Edith was one of the biggest inspirations for me to write this book, and I start the book with her and in her life, before she was Mrs. George Vanderbilt. I really felt it was important to show her as a young woman, an independent woman and a single woman before she becomes the mistress of Biltmore House. I knew she had endured hardship as a child and was intrigued by the lives she and her sisters led prior to marrying. They were a fascinating group of young women.  She grew so much and evolved as an individual in so many different ways over the course of her life. Also, she really suffered some difficult personal losses and faced extreme financial challenges. Her philanthropic activities were also very inspiring. She gave of herself, not just of her bank account. She weathered a lot, and did it with style and grace. I am a HUGE fan. Team Edith!

Are you staying in the Blue Ridge Mountains for your next work?

Physically, yes, my body will be located in the Blue Ridge Mountains as I write my next book. As far as the subject of the book…no. And now, the veil of secrecy descends! Narrative nonfiction history is all I’m saying about my next book for the time being. It’s still too early in the process to say much more, and if I try it will come out unclear and jumbled and elements of the book will of course change before it’s ready for public consumption. I promise to let Blue Willow know as soon as I’m talking more about it!

What are you reading?

I recently finished Marie Kondo’s book, The Life-Changing Magic of Tidying Up and loved it. It’s a long process, but I am finding it very helpful, especially creatively. Now, however, I am actually reading a manuscript by my husband, Joseph D’Agnese. It is a fantastic novel. We are each other’s first readers and editors, which is a really advantageous situation to be in as a writer. I like reading fiction a lot, actually. It exercises a different muscle in my writing brain.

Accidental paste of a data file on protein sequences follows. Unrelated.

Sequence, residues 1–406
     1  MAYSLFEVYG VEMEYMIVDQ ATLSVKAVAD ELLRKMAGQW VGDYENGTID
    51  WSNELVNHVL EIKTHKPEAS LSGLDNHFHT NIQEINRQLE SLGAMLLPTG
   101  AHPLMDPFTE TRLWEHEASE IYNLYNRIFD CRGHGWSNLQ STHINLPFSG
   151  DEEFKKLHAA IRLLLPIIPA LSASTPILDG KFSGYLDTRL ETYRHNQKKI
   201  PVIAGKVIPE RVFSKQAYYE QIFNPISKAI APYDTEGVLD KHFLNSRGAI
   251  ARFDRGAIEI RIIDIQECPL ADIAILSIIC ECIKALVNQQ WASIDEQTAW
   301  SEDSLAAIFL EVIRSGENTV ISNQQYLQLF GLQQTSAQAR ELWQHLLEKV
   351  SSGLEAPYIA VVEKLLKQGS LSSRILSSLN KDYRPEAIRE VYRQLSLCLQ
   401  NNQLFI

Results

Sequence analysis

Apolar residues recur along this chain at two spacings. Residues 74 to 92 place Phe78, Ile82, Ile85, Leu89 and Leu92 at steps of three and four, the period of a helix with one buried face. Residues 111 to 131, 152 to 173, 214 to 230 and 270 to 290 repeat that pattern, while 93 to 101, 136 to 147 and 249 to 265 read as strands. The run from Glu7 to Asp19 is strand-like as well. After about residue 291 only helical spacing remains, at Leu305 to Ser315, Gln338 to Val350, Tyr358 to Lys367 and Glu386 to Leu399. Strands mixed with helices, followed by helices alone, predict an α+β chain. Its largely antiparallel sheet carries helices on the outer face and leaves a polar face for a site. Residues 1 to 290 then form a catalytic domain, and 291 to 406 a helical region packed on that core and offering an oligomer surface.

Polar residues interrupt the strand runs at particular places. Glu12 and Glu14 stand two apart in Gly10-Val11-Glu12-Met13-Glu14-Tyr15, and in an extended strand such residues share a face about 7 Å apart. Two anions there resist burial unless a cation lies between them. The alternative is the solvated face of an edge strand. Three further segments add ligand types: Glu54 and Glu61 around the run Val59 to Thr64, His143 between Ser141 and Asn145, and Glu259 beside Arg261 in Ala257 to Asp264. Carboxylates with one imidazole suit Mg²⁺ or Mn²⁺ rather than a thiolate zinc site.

Author photo by Treadshots.com

Books: 
The Last Castle: The Epic Story of Love, Loss, and American Royalty in the Nation's Largest Home Cover Image
$17.00
ISBN: 9781476794051
Availability: On Our Shelves Now
Published: Atria Books - May 2018

A New York Times bestseller with an "engaging narrative and array of detail” (The Wall Street Journal), the “intimate and sweeping” (Raleigh News & Observer) untold, true story behind the Biltmore Estate—the largest, grandest private residence in North America, which has seen more than 120 years of history pass by its front door.

The story


The Girls of Atomic City: The Untold Story of the Women Who Helped Win World War II Cover Image
$17.00
ISBN: 9781451617535
Availability: On Our Shelves Now
Published: Atria Books - March 11th, 2014

The New York Times bestseller, now available in paperback—an incredible true story of the top-secret World War II town of Oak Ridge, Tennessee, and the young women brought there unknowingly to help build the atomic bomb.

“The best kind of nonfiction: marvelously reported, fluidly written, and a remarkable story...As meticulous and brilliant as it is compulsively readable.